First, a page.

|By Maureen O'Gara||
|March 10, 2010 08:30 AM EST||
Google Session at Cloud Expo
Apple is beginning to know how Xerox PARC felt.
Like Apple did to PARC, Google has lifted from Apple again this time on behalf of Google Apps and set up a Google Apps Marketplace where third parties can sell business programs that integrate with Google Apps to the two million companies and 25 million users that have reportedly adopted Google Apps in the last three years.
The marketplace, which will irritate Microsoft, launched Tuesday with some 50 programs from companies like Intuit and Atlassian and more reportedly coming from companies like NetSuite and SuccessFactors. Skytap is kicking in its cloud.
Google appears to want a $100 listing fee and 20% of the take “in return for the streamlined purchase and install process and integration features exclusive to installable apps.” It will be setting up a billing service that manages the share fees and offers a unified bill for all purchases. Until then there’s the existing billing and payment mechanism.
Google retains approval rights.
An app can be hosted on the platform of the developer’s choice and integrated with Google Apps using available APIs.
Google says a third-party cloud app must have single sign-on with Google Apps via OpenID, and can have OAuth-authorized access to Google Apps data and access from the Google Apps’ universal navigation bar.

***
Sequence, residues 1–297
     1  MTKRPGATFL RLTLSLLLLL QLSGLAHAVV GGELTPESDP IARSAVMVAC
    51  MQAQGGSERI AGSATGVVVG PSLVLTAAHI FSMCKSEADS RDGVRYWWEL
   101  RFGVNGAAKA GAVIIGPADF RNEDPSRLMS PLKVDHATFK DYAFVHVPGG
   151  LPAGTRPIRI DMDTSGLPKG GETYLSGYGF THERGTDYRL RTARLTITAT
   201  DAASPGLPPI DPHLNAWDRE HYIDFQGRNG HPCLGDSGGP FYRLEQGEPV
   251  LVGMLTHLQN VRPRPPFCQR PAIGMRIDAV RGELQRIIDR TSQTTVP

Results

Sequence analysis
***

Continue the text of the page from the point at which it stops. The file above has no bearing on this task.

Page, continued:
Google says it’s “often asked when we’ll offer a wider variety of business applications – from accounting and project management to travel planning and human resources management. But we certainly can’t and won’t do it all, and there are hundreds of business applications for which we have no particular expertise.”
Still it’s chary of inflicting a “fractured experience” on users where they have to remember multiple passwords, cut and paste data between applications, and jump between multiple interfaces to complete a simple task.
So once these third-party applications are installed on a company’s domain, they work like native Google applications. They can interact with Google’s calendar, e-mail, document and contact data, be managed from the Google Apps control panel, and opened from inside Google Apps.
|DavidRon 03/10/10 12:22:00 PM EST|
You give Apple too much credit. Handmark had an app store for Palm devices nearly a decade before Apple, and years before the iPhone even existed. Certainly, Apple got the idea from the Palm platform. Additionally, since this is being posted in the Java Developer's Journal, you should give credit to GetJar which was around 1/2 a decade before the Apple application store.
Additionally, application stores have existed on non-mobile platforms for years as well such as Debian's synaptic.
Google has launched a cloud computing application store, which is quite a bit more novel than Apple's store was.
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